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How Will You Pay (for higher education)? Part 2: Grades 11 & 12

We’ve been talking about many of the best ways for students and their families to start gathering the $10,000 – $20,000 a year needed to fund a college or university education in Canada.

In Part 1 we talked about what students can and should do in Grades 9 and 10 to get a head start—something we strongly suggest. If you’re in Grade 11 or 12, don’t despair, there’s still time…but you’re going to be busy!

 During Grades 11 & 12:

These two years are quite likely going to be the busiest and possibly the most stressful years to date for any student (and their parents too!). There are a lot of decisions to make and lots of deadlines to meet.

Try to look at the big picture and realize that there are many many paths to any destination—not being admitted to a program of choice doesn’t mean that’s it forever. Maybe it’s just “not now” (see HigherEdPoints Founder Suzanne Tyson’s A Cautionary Tale for real-life proof of this). Not knowing what you want to do “for the rest of your life” is very common—don’t worry about 20 years from now, just focus on what you’re interested in right now, and what you’ll do well in at school (high marks in an Arts program will get you further ahead than mediocre marks in Business or Sciences). Life’s a marathon, not a sprint!

Here are some of the things you can do to increase your potential sources of funding in Grades 11 & 12:

  1. Be sure to ask your school’s Guidance office for any insights they may have regarding scholarships and awards; external parties start here when trying to communicate with students about awards for college or university. Guidance officers will also know all the deadlines, whether any of your school’s former students have applied and what their experiences were (very valuable information is to be had if someone from your school has won before!).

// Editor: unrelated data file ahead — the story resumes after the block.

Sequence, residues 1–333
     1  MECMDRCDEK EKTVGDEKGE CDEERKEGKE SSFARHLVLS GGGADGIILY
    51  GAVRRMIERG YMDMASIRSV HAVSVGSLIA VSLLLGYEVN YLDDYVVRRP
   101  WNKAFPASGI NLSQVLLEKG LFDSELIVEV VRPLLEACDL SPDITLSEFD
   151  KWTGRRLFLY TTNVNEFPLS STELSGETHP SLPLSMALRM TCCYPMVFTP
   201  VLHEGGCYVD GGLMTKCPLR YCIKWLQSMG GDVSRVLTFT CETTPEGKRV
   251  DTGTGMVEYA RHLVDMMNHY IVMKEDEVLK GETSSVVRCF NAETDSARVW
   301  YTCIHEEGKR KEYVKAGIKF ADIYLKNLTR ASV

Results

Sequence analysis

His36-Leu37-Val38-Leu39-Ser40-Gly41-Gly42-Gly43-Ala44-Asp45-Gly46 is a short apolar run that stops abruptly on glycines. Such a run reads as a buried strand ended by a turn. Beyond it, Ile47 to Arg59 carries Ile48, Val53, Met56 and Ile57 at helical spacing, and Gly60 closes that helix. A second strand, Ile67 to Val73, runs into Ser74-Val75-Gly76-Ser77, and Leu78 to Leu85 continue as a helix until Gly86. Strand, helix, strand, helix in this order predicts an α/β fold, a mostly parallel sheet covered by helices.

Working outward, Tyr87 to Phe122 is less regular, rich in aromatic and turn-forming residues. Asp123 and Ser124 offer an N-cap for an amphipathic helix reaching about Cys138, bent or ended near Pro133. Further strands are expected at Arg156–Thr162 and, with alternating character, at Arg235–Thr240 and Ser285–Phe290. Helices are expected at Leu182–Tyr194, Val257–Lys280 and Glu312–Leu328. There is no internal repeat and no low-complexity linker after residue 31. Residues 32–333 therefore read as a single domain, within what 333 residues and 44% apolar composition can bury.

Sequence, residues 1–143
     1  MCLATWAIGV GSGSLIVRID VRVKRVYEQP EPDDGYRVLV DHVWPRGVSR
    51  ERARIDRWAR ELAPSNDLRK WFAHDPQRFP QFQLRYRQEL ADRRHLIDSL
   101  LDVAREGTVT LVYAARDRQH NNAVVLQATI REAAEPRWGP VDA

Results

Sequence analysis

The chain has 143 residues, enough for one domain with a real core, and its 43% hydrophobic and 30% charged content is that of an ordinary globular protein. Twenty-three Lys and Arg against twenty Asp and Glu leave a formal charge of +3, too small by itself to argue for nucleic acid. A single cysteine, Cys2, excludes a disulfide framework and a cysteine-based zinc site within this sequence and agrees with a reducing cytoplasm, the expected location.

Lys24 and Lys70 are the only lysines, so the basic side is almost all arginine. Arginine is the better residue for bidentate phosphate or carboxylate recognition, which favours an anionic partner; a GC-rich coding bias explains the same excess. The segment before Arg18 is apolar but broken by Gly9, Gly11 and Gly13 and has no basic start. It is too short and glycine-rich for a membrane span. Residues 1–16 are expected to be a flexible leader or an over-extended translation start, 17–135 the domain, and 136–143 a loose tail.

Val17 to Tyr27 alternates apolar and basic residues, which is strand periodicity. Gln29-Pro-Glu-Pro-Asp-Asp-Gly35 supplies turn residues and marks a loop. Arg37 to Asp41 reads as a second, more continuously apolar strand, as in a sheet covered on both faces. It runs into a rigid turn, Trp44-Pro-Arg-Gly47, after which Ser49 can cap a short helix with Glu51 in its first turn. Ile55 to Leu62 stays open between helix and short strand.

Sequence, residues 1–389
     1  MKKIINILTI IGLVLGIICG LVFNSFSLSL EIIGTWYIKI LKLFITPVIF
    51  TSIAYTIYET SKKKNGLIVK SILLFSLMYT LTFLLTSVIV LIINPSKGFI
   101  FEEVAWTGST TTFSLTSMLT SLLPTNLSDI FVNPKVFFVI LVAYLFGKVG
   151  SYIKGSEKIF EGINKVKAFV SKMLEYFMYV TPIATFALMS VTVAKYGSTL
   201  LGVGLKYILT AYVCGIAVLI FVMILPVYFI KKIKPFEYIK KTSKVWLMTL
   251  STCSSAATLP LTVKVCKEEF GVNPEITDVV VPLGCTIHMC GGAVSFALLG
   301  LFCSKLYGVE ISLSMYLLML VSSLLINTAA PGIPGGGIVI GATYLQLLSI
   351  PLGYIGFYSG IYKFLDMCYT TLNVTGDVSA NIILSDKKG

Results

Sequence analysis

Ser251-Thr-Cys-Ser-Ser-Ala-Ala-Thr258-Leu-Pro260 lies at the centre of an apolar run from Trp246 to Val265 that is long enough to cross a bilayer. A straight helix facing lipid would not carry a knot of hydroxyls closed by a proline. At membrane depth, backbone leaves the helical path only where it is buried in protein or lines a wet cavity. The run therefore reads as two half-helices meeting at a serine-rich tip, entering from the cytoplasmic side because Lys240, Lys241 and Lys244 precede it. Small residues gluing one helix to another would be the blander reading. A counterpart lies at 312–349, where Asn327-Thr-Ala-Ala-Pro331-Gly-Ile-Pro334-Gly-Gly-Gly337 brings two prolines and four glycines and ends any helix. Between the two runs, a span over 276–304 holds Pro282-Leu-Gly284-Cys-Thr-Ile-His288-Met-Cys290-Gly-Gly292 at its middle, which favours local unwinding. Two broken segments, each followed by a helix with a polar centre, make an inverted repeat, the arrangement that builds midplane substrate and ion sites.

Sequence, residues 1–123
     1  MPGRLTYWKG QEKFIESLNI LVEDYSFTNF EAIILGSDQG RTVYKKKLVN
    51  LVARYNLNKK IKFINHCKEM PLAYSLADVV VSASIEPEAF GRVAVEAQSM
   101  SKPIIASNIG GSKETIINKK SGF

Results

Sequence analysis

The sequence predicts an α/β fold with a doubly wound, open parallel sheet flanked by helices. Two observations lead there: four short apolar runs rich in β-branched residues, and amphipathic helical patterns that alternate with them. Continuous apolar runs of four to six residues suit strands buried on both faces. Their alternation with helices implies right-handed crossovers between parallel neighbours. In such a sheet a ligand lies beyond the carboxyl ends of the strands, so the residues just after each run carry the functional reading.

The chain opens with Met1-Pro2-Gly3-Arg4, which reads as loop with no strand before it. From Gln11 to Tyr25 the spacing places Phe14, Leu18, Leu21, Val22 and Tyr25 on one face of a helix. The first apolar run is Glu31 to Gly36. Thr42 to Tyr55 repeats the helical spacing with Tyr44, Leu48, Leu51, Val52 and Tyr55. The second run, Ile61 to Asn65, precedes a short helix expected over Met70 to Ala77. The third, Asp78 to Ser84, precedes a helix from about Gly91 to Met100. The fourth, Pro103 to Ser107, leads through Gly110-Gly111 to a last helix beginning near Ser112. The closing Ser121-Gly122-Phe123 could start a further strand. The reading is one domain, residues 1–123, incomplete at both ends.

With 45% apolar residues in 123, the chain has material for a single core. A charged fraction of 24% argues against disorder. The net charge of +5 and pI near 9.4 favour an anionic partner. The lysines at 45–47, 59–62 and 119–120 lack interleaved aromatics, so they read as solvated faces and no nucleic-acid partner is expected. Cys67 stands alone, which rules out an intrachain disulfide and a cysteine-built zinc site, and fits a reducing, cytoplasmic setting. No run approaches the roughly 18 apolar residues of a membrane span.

2. Get as much of the in-person campus visiting done in Grade 11 as possible. This will leave more time in Grade 12 to apply for scholarships, which can be very time-consuming. Also, if you have an idea where you want to go and what you want to study—it will be easier to express how winning a scholarship will help you achieve those dreams (something scholarship providers really like to hear!). Visit the Financial Aid offices on each campus tour (say ‘hi’ from HigherEdPoints—Financial Aid Officers are our campus heroes!) you’ll be surprised at what you learn from them about tapping into extra sources of available funds.
  3. Get back into those scholarship aggregation sites in earnest ( ):
    1. Catalogue any and all scholarships for which you are eligible;
    2. Put the list in priority order, based on: i) deadline, ii) how closely your background matches the criteria and iii) how interested you are in the subject matter required for the application;
    3. Apply for as many as you can!
    4. Check back regularly (monthly) to see if any new awards have been added. For any sites that match your personal profile with their database of awards, remember to update your profile whenever you hit new milestones or have new achievements.
  4. Visit the Financial Aid pages of the websites at your target colleges/universities. Lots of entrance awards don’t require an application, but there are many others available which will.
  5. Ask your parents and/or your own employer if they offer any scholarships or higher education funding.
  6. Ask your parents, relatives, friends and any “nice people” you know if they have Aeroplan® Miles or TD Points that they would be willing to donate to your education through (35,000 Aeroplan Miles or 62,500 TD Points = $250 at ).
  7. Investigate taking a gap year. Sometimes this is the best course of action when you aren’t sure what you might want to study. It’s also a great way to earn some money before you enrol. The best piece of advice we’ve heard is to complete all your applications in Grade 12, get accepted, and then defer your acceptance for a year (be very sure to check that the program will allow this!!). The common fear with a gap year is that one won’t ever return to school—but better to be sure about what to take and where, than to incur the expense and risk getting bad marks, which will definitely impact you later (refer again to Suzanne Tyson’s A Cautionary Tale). College or university is too expensive to attend just because it seems like the thing to do.
  8. Once you’ve submitted your college/university applications, dedicate some time to to learn more about the financial aid available in your home province. Give yourself plenty of time ahead of the deadline(s) to apply.


Have anything to add? Send us an email at: . We’d love to add to this list.


About Higher Ed Points Inc., through partnerships with best-in-class and like-minded Canadian corporations, is dedicated to finding innovative ways to help students and families fund higher education.

After all, it takes a village to raise a mind™


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